EDITOR’S NOTE: No one has described the decline of Los Angeles more accurately, clearly and factually in the last 20 years than Joel Kotkin An internationally-recognized authority on global, economic, political and social trends, Kotkin in recent month has taken a hard look at how L.A. is doing and provided David Abel’s “The Planning Report” a glimpse into his findings. L.A. has been outperformed in almost every possible category of prosperity by other major cities, he says in the interview, and suggests a “decade of secular decline” can be turned around with an honest public debate and real leadership. (Read the full report at The Planning Report interview.)
L.A. is in the midst of a secular decline, which can be reversed, but before we reverse a decline, we have to know what the problems are and where we stand. You can read accounts by organizations like the LAEDC–the last effective business group in town–and have no sense that time is running out. There is very little public discussion or recognition of what’s going on. Not that we were unique in suffering from the recession, but we have actually underperformed compared with both our old rivals and some new ones over the past decade.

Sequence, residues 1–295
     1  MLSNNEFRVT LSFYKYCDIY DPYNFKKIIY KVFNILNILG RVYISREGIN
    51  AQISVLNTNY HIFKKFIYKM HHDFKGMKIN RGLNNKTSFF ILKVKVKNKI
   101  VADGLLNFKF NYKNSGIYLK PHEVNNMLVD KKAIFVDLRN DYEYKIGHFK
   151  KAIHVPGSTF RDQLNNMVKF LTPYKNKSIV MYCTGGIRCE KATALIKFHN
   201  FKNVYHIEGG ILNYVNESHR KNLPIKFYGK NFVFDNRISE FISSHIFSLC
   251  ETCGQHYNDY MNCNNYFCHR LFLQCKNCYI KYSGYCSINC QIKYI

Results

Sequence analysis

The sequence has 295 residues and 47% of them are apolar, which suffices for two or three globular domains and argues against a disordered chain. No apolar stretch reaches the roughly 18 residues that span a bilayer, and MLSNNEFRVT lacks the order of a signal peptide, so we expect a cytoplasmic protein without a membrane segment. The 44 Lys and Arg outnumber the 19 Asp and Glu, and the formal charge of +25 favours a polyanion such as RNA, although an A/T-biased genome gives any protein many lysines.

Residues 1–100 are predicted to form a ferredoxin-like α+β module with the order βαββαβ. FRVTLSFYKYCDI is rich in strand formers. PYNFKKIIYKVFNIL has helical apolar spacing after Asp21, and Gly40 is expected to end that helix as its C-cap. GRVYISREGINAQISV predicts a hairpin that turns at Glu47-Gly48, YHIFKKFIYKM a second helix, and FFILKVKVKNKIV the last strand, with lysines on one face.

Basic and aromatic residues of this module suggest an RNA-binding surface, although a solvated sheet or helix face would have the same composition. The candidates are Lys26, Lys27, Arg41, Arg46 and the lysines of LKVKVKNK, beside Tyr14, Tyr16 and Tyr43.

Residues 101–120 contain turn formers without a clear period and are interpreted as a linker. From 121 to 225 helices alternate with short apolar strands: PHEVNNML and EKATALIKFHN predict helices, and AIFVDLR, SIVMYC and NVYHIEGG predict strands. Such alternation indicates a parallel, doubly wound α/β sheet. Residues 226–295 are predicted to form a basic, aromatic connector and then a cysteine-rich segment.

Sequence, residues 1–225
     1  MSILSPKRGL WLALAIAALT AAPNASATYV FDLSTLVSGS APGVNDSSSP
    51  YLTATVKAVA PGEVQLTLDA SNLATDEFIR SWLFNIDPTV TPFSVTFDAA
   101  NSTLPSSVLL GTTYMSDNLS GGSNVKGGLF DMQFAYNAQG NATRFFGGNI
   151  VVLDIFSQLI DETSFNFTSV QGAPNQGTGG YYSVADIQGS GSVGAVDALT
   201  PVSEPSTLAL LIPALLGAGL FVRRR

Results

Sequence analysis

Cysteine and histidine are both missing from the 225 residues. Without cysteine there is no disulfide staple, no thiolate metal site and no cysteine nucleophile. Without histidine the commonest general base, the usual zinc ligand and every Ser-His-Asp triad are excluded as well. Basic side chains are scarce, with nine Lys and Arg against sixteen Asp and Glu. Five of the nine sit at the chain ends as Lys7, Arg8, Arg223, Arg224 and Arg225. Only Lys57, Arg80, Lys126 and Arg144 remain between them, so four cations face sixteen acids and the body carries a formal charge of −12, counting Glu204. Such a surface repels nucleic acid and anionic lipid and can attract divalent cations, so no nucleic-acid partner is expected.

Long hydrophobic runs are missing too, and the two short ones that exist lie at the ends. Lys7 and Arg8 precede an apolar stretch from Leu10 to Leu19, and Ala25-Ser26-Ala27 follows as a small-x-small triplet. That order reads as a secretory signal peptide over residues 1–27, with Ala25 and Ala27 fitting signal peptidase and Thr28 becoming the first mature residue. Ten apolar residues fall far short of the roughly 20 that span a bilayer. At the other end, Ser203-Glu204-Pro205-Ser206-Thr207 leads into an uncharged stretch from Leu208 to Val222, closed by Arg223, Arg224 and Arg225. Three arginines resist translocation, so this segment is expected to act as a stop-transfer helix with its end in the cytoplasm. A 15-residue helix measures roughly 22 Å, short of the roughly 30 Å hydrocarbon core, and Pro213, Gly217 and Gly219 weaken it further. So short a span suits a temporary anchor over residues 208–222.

In virtually every critical sector, L.A. has declined more rapidly than many of its major competitors. In finance and business sectors, L.A. has done much worse than Houston, New York, Dallas, and many of the other regions it competes with. In manufacturing, we’ve done much worse than Texas and other newer competitors.
idea of Los Angeles as a model, as a city of the future, as a city
that people around the world are thinking and talking about–that’s
gone. L.A., as a great metropolis, which we all were hoping it
would become, that concept has faded.
One big problem has been the loss of business leadership…There’s no real sensible debate
about where the city is going. Under these circumstances, business
seems to me to be more interested in accommodating the political
power structure as opposed to challenging it.
The cynic in me says the only thing that will get serious
discussion is when we start to see the reduction in the quality of
life and services. We’ve been, in a funny way, like our fellow
Mediterranean metropolises, like Rome, Barcelona, and
Athens–living way over our means and maybe some signs of that
decline will start to make us act decisively. That may be the only
hope. Governor Brown’s decision to go after the CRA may be a sort
of wake-up call to the L.A. business community and the real estate
community: The gravy train’s gone, and if you want to build in
L.A., you have to figure out how you do it with real value, making
products that people want and that can be afforded by a population
that’s actually engaged.